Drugs are formulated as suspensions for different reasons, but the most common one is poor drug solubility. Suspensions may also be used to mask the poor taste resulting from the dissolved drug in solution. A suspension, however, unlike syrup in which the drag is folly dissolved, requires adequate shaking of the container to resuspend the drug uniformly before dosing. Difficult redispersion of the drug from a sediment, or in the worst case, from caking, will result in under- and overdosing. This problem of variable dosing is also encountered when the patient or the caregiver forgets to shake the container before dosing. It is therefore desirable to produce a suspension that is able to maintain its homogeneity on prolonged storage without shaking.
Stoke's law defines the sedimentation rate of a sphere in a fluid as:
v = P2(p- -p g
18μ (1)
where v = sedimentation rate D = mean particle diameter pP = particle density pL= liquid density g = acceleration due to gravity μ = viscosity of the liquid phase
The above equation indicates that the rate of sedimentation can be reduced by minimizing the density difference between the suspended particles and the liquid phase, reducing the particle size, and increasing the viscosity of the liquid phase.
If the densities of the suspended particle and the liquid phase are the same, sedimentation will not occur. In practice, precise matching of the densities is not always possible. The drug density may be too high, or the amount of density increasing ingredients may be too great.
Reducing the particle size is another way of slowing sedimentation. However, small particles tend to cake more severely because of the increased surface energy from the larger surface area, making redispersion much more difficult and sometimes impossible.
Small particle size is desirable for reasons other than slowing the rate of sedimentation. For drags that are not very soluble, smaller particles generally dissolve faster due to the increase in the total surface area, which can in turn enhance bioavailability. Also, smaller drag particles are less likely to cause grittiness, which improves the palatability of the finished product. There is therefore a need for a suspension containing fine particles, hereafter referring to an average particle size less than about 20 μm, which will not cake on storage, but in addition is able to maintain its homogeneity on prolonged storage without shaking.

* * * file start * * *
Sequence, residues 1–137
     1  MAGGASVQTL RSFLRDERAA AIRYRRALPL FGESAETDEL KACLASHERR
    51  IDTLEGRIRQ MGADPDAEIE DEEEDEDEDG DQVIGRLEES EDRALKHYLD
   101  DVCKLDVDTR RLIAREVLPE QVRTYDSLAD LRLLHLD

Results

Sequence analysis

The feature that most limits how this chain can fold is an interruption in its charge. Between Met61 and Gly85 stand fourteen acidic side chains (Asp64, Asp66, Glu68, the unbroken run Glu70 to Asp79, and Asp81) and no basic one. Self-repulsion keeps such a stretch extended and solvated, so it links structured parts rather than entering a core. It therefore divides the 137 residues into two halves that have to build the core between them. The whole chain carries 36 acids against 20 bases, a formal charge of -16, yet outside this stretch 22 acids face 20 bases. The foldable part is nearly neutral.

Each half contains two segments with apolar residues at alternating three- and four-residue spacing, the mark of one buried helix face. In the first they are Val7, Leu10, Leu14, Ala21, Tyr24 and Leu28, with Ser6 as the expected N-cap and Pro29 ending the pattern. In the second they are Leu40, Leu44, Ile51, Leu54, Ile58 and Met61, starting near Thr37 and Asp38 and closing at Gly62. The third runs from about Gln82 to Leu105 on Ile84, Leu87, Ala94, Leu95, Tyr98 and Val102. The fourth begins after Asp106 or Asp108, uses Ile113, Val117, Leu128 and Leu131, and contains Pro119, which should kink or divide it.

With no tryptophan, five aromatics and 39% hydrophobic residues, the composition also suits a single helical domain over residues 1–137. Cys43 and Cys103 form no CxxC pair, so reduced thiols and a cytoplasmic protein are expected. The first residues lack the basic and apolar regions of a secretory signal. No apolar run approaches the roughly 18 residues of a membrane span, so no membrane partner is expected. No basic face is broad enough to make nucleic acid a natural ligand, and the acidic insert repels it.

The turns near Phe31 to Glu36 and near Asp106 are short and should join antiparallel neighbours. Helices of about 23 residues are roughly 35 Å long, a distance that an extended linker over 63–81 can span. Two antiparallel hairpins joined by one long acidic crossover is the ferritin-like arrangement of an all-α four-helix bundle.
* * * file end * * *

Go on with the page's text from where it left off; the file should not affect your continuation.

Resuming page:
The most popular approach to slowing the sedimentation rate is by increasing the viscosity through the addition of a suspending agent. Excessive viscosity is undesirable, however, if it interferes with pouring and redispersal of settled particles. As described in the book Pharmaceutical Dosage Forms: Disperse Systems Volume 2, Second Edition, New York, 1989, pages 234-236, yield value is an important mechanism of permanent suspensions. The theoretical yield value (Y) must balance or exceed the force of gravity on the settling particles. For spherical particles:
Figure imgf000004_0001
Other than providing a general guideline of introducing a yield value to the dispersion medium, this prior art is unclear on what combinations of particle size, yield value, and density difference will produce a suspension of fine particles that maintains its homogeneity for prolonged period.
The prior art has shown extensive use of combinations of suspending agents to promote redispersability. US patent 4,975,465 discloses a tastemasked ibuprofen suspension comprising a suspending base of xanthan gum, microcrystalline cellulose, sodium carboxymethylcellulose and polysorbate 80. US patents 5,272,137 and 5,409,907 teach the use of xanthan gum and microcrystalline cellulose to minimize sedimentation. US patents 5,374,659 and 5,621,005 provide easily redispersable pharmaceutical suspensions using xanthan gum, pregelatinized starch and polyoxyethylene sorbitan monooleate. US patent 5,658,919 discloses the use of xanthan gum, a mixture of microcrystalline cellulose and sodium carboxymethylcellulose, and an auxiliary suspending agent selected from hydroxyethylcellulose and a salt of carboxymethylcellulose to minimize sedimentation of paracetamol suspensions. US patent 5,712,310 provides easily redispersable suspension base comprising a water-soluble modified starch, a water-soluble hydrocolloid polysaccliaride, and a water-soluble wetting agent. US patent 5,759,579 provides a liquid suspension base comprising xanthan gum and hydroxypropyl methylcellulose. None of these patents discloses a storage stable suspension that remains homogeneous for prolonged period of time without shaking. US 5,112,604 assigned to Riker laboratories discloses an aqueous pharmaceutical suspension containing large particles of coated sustained-release theophylline, wherein the drug is maintained in suspension for prolonged period. The suspending base comprises a hydrocolloid gum, colloidal silicon dioxide, a carbohydrate, and a wetting agent. This prior art does not teach how particle size, density difference, and yield value can be combined to produce a .suspension of fine particles that maintains its homogeneity for prolonged period.
SUMMARY OF THE INVENTION